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How does Save The Music raise money?

Each year, STMF raises funds to support our work from foundations, corporations, individuals and government agencies. To successfully sustain each grant, STMF receives substantial in-kind support from ViacomCBS (the media company that owns VH1), instrument manufacturers, local retailers and other music industry partners. The ASCAP Foundation, through Alfred Publishing, generously provides method books as a complement to our grant packages. Our professional development clinics are supported by instrument manufacturers like KHS America and Conn-Selmer. Check out what you can do on our take action page.

Is Save The Music Foundation the same as VH1 Save The Music? What exactly is the affiliation with VH1?

The Foundation is an independent 501c3 public charity. It was originally founded as a public affairs initiative of VH1, the cable television channel. Today, Save The Music operates at its own nonprofit entity separate from VH1. ViacomCBS (the media company that owns VH1) contributes about 15% of the organization’s overall budget, including in-kind donations that cover the Executive Director of the Foundation, some special event production, office rent and some overhead and travel expenses.

What does Save The Music do?

Save The Music is a nonprofit organization dedicated to helping kids, schools, and communities realize their full potential through the power of making music.

STM works in close coordination with stakeholders across the country, including district leadership, principals, music teachers, researchers, arts education organizations, parents and community members to inform our work. Our work is fueled by strategic partnerships at the local level, and starts with a public school district making a commitment to music education for all students. Specifically, when a partner district commits to hiring certified music teachers and returning music to the regular school day:

1. We provide the capital investment of instruments, technology and other resources to start and build upon the district’s music programs.
2. We support music teachers with professional development, research and classroom content.
3. We continue to advocate for music as a necessary component of every student’s education.

In addition, STM provides ongoing program support, monitoring, research & measurement to grantee schools for at least a 10-year period.

How does Save The Music restore music programs?

We know that restoring a school’s music program or even starting one for the first time takes a lot of effort and support.

We do our research:

We reach out to districts in need. (Most of our partner districts are primarily Title I and underserved.) We reach out to districts who are ready to make a commitment to music education. They are ready to make an investment and hire qualified music teachers. (We require at least one full-time certified music teacher to be in place at each grantee school.) We rely on support from arts coordinators, superintendents, principals and community-based organizations.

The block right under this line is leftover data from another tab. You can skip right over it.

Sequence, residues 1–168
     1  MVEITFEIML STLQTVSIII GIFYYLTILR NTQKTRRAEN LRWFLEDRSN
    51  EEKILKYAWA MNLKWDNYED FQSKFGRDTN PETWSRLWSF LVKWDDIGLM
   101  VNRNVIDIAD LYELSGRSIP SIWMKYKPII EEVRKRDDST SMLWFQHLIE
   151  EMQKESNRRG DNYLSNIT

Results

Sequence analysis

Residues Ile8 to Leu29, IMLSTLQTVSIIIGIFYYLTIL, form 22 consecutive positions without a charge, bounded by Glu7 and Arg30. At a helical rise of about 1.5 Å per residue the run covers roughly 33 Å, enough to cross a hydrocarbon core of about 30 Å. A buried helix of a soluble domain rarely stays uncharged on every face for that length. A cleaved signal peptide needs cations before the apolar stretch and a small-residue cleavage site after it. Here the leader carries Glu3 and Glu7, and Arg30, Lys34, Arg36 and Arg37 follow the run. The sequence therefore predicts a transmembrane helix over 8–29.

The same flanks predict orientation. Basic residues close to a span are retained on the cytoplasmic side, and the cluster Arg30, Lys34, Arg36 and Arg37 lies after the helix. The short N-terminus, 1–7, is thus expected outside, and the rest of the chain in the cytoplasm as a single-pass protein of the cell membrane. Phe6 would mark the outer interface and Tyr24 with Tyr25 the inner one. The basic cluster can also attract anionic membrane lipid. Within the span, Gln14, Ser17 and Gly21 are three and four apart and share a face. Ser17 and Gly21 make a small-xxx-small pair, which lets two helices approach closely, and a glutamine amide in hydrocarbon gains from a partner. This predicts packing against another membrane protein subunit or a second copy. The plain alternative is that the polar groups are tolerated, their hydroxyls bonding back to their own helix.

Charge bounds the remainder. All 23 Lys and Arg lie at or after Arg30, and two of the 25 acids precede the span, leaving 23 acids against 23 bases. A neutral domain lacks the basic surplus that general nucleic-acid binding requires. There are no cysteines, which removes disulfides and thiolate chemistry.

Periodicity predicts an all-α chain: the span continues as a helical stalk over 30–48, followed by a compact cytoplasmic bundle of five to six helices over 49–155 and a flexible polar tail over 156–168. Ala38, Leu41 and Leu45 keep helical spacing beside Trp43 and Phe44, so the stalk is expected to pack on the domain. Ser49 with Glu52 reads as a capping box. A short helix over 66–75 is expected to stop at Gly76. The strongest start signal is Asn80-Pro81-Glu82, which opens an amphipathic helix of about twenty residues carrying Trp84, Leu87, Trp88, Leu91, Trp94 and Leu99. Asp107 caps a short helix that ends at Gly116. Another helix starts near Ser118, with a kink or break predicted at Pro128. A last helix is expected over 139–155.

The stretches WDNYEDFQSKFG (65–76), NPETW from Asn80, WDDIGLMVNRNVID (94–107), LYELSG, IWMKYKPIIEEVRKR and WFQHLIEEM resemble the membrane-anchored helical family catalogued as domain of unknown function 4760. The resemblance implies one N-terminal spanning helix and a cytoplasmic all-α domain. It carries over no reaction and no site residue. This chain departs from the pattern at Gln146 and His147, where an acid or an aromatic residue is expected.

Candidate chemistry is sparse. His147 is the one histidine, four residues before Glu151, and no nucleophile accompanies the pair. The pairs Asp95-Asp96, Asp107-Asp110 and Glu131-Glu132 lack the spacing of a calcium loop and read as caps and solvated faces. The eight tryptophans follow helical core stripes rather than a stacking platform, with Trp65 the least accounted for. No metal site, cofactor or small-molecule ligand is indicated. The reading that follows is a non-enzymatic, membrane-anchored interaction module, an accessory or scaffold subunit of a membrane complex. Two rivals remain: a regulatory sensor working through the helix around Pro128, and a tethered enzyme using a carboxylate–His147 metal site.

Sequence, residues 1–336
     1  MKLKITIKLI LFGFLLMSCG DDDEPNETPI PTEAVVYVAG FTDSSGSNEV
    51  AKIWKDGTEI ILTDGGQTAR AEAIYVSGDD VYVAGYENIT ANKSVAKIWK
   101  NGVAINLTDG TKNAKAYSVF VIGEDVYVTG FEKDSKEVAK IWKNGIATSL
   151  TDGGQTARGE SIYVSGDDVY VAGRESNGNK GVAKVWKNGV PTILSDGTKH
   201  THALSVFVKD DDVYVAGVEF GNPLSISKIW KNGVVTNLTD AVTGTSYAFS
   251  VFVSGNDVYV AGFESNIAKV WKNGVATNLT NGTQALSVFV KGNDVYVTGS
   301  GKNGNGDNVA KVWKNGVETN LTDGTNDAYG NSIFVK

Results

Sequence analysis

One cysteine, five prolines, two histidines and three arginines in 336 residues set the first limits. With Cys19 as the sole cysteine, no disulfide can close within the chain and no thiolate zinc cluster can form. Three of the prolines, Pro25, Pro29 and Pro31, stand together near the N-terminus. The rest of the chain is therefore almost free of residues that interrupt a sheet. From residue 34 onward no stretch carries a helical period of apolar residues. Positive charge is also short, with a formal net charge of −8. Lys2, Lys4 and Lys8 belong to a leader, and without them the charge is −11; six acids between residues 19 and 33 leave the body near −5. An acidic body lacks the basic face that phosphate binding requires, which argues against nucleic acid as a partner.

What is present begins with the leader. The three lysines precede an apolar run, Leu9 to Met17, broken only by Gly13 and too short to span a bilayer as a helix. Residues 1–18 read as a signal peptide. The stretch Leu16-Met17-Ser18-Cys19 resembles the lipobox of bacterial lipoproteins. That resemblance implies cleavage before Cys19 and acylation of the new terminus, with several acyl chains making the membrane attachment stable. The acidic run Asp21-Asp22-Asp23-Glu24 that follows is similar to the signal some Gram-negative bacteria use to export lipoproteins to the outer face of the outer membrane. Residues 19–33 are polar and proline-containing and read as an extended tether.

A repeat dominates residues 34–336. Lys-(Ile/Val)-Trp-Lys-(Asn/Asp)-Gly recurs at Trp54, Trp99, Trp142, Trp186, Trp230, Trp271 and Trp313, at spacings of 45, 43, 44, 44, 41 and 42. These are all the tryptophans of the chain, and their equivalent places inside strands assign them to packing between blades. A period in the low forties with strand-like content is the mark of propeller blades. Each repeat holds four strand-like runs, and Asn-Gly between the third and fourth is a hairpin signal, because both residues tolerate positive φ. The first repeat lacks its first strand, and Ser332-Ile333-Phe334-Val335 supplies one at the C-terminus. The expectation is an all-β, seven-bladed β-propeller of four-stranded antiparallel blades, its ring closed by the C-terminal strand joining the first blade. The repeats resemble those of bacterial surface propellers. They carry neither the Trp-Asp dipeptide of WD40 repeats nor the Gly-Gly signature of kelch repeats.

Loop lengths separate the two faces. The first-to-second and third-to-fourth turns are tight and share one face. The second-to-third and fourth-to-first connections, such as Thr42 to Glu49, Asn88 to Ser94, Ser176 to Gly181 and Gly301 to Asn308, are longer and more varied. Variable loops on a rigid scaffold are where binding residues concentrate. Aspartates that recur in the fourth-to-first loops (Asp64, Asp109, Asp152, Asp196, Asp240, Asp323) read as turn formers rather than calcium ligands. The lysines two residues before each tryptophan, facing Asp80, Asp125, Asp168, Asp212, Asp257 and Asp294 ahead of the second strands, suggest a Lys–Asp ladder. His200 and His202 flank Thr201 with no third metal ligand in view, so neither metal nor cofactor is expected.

We find the funds:

We secure funding from individuals, foundations, government agencies and corporations to fund our work in local communities.

We provide the capital investment:

We donate musical instruments, music stands, method books, and other equipment needed to get an instrumental music program off the ground.

We provide ongoing program support and management for a ten-year period.

See all the districts we’ve granted to on our Impact Map.

Do you want to help restore a music program? Donate now.

Why music?

Research consistently demonstrates that the study of music and exposure to music education at a young age has a profound impact on a child’s development. In particular, music education improves self-discipline skills, early cognitive development, basic math and reading abilities, self-esteem, SAT scores, ability to work in teams, spatial reasoning skills, and school attendance.

What is the history of Save The Music?

The idea to “save the music” was born when one of the original VH1/MTV executives, John Sykes was principal for the day at a New York City public school. John was shocked when he saw how the school’s instruments were being held together with gaffers tape. In response, he helped mobilize a pro-social initiative at VHl, which quickly gained steam as it became apparent that music programs across the country had been eliminated or were at risk. In a short time, VHl Save The Music formed into a 501c3 charity, and began working to restore music education to schools all across the country. For more than 20 years, the Foundation has distinguished itself as a leading force for music education. Working with our partners, including musical instrument manufacturers, school districts, administrators, teachers, community-based organizations, local stakeholders and many talented artists, we have restored comprehensive music education programs in over 2,000 public schools in 257 school districts, improving the lives of more than a million children across the nation.

Learn more about us here.

How can I help?
There are so many ways to help music education and specifically our organization!

Check out our TAKE ACTION page to start thinking of ideas on how to help.

Does Save The Music publish a printed annual report?
Beginning in 2017, we moved to providing our financials, accomplishments and other disclosures on our website.

You can find the following information:

a) The organization’s mission statement: About Us page

b) Summary of the past year’s program service accomplishments: 2017 Accomplishments

c) Members of the board: Meet The Board page

d) All financial information: Financials page

If you have limited Internet access and would like a printed copy of any of this mailed to you, send us a request at:

VH1 Save The Music Foundation

Attn: Julia Hare

P.O. Box 2096

New York, NY 10108-2096